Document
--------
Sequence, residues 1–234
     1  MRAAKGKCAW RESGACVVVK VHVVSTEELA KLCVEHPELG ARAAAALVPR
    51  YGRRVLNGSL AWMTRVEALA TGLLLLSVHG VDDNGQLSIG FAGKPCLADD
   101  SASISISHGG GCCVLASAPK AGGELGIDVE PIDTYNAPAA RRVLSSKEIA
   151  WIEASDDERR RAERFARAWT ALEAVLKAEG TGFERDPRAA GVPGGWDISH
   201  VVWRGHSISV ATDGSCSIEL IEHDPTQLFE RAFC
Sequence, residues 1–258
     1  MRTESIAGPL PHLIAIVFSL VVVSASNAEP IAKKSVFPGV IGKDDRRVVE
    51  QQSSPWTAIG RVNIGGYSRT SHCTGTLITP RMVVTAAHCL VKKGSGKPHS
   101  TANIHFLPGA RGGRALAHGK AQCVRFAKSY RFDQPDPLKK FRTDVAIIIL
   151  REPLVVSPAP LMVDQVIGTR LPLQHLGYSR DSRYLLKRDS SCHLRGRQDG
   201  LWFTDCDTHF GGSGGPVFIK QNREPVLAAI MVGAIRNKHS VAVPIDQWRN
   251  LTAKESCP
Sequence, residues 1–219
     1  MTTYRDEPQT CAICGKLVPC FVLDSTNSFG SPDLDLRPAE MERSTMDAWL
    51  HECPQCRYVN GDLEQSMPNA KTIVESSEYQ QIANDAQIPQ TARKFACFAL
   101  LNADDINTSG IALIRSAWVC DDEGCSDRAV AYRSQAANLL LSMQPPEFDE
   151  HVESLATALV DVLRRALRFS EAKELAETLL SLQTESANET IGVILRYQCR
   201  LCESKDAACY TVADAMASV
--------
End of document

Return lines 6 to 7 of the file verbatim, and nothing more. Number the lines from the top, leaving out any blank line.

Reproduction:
   201  VVWRGHSISV ATDGSCSIEL IEHDPTQLFE RAFC
Sequence, residues 1–258